Letter from the Chair
What exactly is reliability? Is it showing up for work on time? Is it making sure the mortgage payment is made every month or that our children have a ride home from school?Read More »
Thomas Nolan, senior fellow at the Institute for Healthcare Improvement defined reliability as “failure free operation over time, from the point of view of the patient.”1 For those of you who enjoy formulas, it looks like this:
Number of actions that achieve the desired result
Reliability = _________________________________________________________
Total number of actions taken
QIPS Meeting Keynote: CT Utilization and Choosing Wisely
Gregg A Miller, MD, FACEP is the Program Director of Quality and Performance for Emergency Medicine for CEP America. He has served as the Medical Director for the Emergency Departments at San Joaquin Community Hospital and Swedish/Edmonds Hospital and has been involved in the implementation of multiple operational and quality-related initiatives. Dr. Miller also sits on the Washington state ACEP Board of Directors. He completed an Administrative Fellowship with CEP America with a focus on CMS quality-related programs. Dr. Miller attended medical school at the University of California, San Francisco and did his emergency medicine residency at Harbor-UCLA. Read More »
Quality Improvement & Patient Safety (QIPS) Section Meeting (12-2:30 pm PT)
Mandalay Bay Convention Center: South Pacific Ballroom A
Computers, Measures, and Patients
With great interest, I read Dr Susan Nedza’s article in the March 2016 QIPS Newsletter. Since my wife and I have become greater consumers of health care (I do not like the word consumers, let us say patients), we have experienced medicine from the “Other Side.”Read More »
What we have observed is a disconnect between the actual treatment of the patient and the adherence to protocols and mandatory documentation. I will give a few examples, granted all subjective. My visit to the ED a few years ago for chest pain brought out the myocardial infarction routine/protocol from nursing, before seeing the ED physician even though the pain was totally atypical for myocardial ischemia. A brief history and physical would have sufficed, and saved costs. Here, 2 words triggered a rigid response and protocol, without thinking about what the patient might actually have.
Determining Decisional Capacity
A 62-year-old man with a history of DM, HTN, and HL, and previous myocardial infarction presents to your ED with a complaint of 3 hours of chest pain with onset during activity and radiating to his left shoulder. On arrival to the ED, his pain is improved, he appears comfortable, and his vital signs are normal. His ECG demonstrates new t-wave inversions in the inferior leads and his initial troponin is mildly elevated. You share with him the results and express that you would like to admit him to the hospital for serial troponins, cardiology consultation, and likely cardiac catheterization. At that time he reports that he would like to go home and follow up with his primary care doctor in the next day or two. Given the ECG changes, elevated troponin, and clinical history, you feel he should be admitted to the hospital but he is adamant about going home. He acknowledges your concern that his pain could be the sign of a heart attack or impending heart attack. He reports that he came in to find out if he needed a stent “straight away” from the ED like he has in the past. He otherwise provides multiple reasons for wanting to go home, including a dog to take care of and a desire to sleep in his own bed. You begin to wonder if your patient understands his situation…Read More »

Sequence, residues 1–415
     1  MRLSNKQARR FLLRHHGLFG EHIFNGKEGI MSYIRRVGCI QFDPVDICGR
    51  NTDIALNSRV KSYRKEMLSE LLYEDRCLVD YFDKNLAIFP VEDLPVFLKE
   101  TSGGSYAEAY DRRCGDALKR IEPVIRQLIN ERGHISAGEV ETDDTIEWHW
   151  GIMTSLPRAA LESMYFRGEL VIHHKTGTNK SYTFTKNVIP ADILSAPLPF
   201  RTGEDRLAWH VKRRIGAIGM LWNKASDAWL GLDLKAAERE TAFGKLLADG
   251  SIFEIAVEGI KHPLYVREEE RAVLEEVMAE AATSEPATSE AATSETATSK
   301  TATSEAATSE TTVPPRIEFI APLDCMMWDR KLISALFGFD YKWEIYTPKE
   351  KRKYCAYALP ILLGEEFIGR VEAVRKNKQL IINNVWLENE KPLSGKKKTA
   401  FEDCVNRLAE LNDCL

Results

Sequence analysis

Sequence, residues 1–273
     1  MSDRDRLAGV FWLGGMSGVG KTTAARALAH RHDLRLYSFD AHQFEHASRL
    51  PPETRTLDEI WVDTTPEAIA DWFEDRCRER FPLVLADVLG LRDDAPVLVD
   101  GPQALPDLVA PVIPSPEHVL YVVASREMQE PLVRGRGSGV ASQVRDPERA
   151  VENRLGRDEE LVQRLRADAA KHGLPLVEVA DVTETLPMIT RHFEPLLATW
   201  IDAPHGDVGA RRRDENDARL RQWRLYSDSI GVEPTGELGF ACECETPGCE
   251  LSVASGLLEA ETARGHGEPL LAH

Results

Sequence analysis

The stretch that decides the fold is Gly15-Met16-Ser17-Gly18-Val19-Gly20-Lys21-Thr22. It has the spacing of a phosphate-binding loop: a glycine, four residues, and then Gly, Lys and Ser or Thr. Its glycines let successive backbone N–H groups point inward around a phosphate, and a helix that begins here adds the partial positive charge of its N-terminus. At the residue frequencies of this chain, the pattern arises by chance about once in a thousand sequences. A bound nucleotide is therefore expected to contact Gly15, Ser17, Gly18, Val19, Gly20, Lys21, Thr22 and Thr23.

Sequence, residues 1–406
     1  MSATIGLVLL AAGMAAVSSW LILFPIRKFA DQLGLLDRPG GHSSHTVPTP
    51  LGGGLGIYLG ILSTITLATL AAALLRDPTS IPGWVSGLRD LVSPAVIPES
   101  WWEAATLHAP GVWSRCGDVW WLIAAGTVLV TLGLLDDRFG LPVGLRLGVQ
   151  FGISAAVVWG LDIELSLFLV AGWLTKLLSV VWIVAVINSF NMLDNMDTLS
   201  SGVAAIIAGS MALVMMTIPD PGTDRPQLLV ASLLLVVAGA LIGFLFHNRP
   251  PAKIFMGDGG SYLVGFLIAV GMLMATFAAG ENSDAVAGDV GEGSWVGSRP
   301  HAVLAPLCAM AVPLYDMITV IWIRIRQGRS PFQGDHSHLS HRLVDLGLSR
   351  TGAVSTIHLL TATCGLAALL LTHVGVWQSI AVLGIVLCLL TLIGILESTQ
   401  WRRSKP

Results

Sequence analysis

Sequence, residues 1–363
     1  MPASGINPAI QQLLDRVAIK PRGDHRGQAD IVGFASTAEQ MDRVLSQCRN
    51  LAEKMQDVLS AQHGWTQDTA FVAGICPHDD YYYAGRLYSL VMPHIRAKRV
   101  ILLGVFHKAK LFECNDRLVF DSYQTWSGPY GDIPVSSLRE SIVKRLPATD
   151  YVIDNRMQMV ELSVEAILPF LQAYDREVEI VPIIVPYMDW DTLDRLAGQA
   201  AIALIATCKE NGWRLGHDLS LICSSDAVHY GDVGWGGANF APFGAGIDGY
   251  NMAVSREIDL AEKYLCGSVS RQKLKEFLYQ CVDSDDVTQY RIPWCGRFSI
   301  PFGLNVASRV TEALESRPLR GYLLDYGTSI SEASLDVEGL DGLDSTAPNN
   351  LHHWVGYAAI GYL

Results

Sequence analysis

As physicians we are responsible for making recommendations to our patients based upon our knowledge as health care professionals. In the ED we routinely recommend specific treatments, various tests, and admissions to the hospital versus discharge home. While we often encounter patients who choose not to adopt these recommendations, there are times when this refusal becomes very uncomfortable and we struggle with balancing our desire to help patients with respecting their autonomy.
Encouraging Residents to Participate in Hospital-Wide Quality Improvement
As I cleared my voice, preparing to open my first council meeting one year ago, doubt crept back into my mind, would they really listen to me? Will people participate? Is everyone here just for the free food? Read More »
I initially became involved in our hospital’s Resident Quality and Safety Council (RQSC) as an intern, interested in a career in emergency medicine administration and motivated to interact with residents across different specialties. While I sat quietly through my first several monthly meetings, I appreciated the different motivations behind resident comments—exasperation that workflows were inefficient, curiosity as to what a fishbone diagram was, worry that a reported near miss could have just as easily lead to an adverse patient outcome. While many members had no formal training in quality improvement, the counsel served as a venue for residents to get involved in improving quality and safety across the institution.